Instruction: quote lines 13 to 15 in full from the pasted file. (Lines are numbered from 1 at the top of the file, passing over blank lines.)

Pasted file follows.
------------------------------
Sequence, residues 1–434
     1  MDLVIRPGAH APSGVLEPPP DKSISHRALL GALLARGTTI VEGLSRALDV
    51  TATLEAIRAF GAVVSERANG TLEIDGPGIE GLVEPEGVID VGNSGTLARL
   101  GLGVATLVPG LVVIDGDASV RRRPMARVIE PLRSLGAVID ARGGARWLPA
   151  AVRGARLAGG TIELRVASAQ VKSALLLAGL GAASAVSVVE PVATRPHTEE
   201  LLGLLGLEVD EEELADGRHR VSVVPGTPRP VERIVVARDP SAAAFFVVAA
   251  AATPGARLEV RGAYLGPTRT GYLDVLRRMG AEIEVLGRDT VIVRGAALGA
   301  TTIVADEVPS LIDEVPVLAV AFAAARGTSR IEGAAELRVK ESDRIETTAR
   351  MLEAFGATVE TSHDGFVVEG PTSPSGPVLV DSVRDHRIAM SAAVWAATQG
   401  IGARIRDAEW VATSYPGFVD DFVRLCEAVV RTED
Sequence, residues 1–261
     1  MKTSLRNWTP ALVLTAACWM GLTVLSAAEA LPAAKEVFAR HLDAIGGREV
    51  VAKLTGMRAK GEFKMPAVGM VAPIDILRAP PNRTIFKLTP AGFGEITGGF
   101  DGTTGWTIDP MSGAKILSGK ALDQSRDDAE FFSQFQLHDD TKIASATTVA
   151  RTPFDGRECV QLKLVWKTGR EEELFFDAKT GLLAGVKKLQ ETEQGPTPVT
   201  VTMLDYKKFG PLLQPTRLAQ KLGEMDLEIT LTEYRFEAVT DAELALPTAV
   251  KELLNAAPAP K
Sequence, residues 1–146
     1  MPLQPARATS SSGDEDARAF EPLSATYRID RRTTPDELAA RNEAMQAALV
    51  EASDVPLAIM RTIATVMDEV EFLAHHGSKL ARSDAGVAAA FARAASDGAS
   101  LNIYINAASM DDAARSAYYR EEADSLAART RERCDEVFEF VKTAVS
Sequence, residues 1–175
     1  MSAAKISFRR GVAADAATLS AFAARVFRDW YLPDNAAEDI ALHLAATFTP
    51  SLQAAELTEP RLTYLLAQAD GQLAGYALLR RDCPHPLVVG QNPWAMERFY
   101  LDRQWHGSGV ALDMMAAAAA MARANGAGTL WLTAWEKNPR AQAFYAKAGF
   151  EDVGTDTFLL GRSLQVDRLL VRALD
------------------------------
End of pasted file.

    51  VAKLTGMRAK GEFKMPAVGM VAPIDILRAP PNRTIFKLTP AGFGEITGGF
   101  DGTTGWTIDP MSGAKILSGK ALDQSRDDAE FFSQFQLHDD TKIASATTVA
   151  RTPFDGRECV QLKLVWKTGR EEELFFDAKT GLLAGVKKLQ ETEQGPTPVT